You don't mention your testing tool. Many have "combine" functions that let you aggregate the results of multiple runs or suites. If you want an aggregate coverage metric, explore the combine feature in your coverage tool.
Now, can we talk about the elephant in the room?
There is no spoon. And there is no "total coverage percentage." At least, no simple one.
Coverage percentage is a readily-comprehended metric presented to help understand the scope, depth, and range of testing suites. But like any simple benchmark, it's very easy to become target fixated on this value as some sort of magical talisman of "complete testing."
Let's say you have achieved the glory of "100% test coverage." Yay! But what does that mean? 100% of code lines are tested, right? Then what about this line?
launch_missile = launch_authorized and launch_cmd_given else previous_launch_status
"Covering" that line means something--but not a whole lot, because there are a variety of conditions which are
False with some probability, but it's unlikely that you have tested all of the combinations of those conditions. Even if that line is covered a dozen times, if one of the conditions is relatively uncommon, you haven't come close to testing all of the real results that might occur in practice. To make that clearer, a more synthetic example:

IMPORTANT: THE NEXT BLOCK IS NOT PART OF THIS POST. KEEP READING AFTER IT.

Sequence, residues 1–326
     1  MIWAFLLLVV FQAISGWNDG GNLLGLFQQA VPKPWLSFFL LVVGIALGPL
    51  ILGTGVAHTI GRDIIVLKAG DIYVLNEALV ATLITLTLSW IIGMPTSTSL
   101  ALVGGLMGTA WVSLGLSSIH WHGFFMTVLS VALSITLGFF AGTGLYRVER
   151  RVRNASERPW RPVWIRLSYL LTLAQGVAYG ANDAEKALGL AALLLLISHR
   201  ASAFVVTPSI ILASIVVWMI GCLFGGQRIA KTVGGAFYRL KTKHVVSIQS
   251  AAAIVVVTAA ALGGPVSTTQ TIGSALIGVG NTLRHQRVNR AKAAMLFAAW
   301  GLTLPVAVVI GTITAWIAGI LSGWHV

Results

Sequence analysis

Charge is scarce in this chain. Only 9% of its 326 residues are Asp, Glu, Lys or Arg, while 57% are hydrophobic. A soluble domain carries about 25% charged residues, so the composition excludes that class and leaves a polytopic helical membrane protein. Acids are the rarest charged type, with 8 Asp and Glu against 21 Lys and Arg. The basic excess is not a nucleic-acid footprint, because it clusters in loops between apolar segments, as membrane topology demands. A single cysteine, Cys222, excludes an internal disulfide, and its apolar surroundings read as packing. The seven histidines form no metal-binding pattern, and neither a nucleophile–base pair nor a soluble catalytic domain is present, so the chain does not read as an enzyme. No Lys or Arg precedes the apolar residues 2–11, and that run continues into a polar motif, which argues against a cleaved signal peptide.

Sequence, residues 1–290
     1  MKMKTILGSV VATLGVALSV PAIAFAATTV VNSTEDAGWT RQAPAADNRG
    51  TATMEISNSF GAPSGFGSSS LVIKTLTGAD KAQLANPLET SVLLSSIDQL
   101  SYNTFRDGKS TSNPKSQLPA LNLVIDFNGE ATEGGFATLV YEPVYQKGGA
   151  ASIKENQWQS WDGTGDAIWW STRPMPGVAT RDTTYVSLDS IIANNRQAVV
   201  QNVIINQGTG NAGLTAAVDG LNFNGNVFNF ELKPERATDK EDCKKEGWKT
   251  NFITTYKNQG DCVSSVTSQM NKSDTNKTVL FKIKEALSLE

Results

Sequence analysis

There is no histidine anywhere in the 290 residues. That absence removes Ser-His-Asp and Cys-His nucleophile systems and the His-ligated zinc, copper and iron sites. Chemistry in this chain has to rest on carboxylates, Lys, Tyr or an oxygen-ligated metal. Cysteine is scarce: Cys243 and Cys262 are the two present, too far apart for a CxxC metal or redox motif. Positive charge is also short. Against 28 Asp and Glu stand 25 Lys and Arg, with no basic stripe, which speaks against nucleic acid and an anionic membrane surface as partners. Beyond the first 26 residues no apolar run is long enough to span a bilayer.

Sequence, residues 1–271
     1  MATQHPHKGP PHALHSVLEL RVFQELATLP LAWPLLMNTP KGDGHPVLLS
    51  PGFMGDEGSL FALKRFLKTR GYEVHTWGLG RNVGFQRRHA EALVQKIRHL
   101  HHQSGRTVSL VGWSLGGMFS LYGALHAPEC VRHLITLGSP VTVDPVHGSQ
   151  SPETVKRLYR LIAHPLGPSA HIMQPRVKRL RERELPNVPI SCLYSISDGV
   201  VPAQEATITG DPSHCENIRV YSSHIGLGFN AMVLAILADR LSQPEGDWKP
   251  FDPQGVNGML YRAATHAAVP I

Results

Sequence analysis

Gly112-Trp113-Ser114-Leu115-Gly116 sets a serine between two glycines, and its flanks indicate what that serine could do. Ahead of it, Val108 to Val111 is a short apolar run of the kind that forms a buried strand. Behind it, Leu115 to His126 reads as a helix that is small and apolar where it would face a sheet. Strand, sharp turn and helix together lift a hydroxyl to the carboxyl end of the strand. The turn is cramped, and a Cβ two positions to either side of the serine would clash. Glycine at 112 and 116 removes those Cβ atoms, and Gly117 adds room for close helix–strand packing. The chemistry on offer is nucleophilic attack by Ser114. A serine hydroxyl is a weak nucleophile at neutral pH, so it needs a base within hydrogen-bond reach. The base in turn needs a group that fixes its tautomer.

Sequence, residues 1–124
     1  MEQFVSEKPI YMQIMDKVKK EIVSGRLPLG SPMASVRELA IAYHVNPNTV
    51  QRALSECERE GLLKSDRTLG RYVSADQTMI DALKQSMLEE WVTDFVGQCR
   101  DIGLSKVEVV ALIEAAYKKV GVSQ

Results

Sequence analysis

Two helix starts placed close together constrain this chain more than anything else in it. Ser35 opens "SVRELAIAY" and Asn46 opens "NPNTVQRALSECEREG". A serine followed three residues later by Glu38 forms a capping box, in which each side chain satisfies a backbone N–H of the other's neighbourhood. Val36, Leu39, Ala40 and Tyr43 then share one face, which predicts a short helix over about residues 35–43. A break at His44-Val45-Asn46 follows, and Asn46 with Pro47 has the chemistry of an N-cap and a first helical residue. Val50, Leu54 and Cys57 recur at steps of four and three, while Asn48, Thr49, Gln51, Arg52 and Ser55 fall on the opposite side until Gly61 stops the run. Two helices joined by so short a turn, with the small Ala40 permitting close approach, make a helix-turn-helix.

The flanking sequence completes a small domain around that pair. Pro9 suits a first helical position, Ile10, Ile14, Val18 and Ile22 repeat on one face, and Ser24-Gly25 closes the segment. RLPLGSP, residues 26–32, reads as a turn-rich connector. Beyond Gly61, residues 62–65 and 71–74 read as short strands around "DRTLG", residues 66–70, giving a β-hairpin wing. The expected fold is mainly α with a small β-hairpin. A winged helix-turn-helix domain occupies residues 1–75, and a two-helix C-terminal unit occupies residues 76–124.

engage_laser = (laser_armed and safety_disengaged) or random.random() < 0.0000003
How many times would you have to cover that line to really exhaustively test it? How many times would you have to cover it to test it in combination with all of the other variables in the program (with their own, possibly similarly rare) probabilities?
I'm not saying that coverage metrics are useless. They're actually great. They focus on one of the key issues: How extensively is my software system tested? They help move from "we have some tests" to "we have thoroughly tested."
But while you're working on "combined scores," the reality is that your score will typically be for "statement coverage" rather than "condition," "predicate," or "path" coverage. So whatever number your aggregate scores give you, it's unlikely that it's giving you a true picture of how much of your program potential states and state combinations are being tested. While you're working on increasing your coverage percentage, consider also measuring your predicate coverage. It will give you a more realistic--and almost invariably, a more sobering--view of test extensiveness.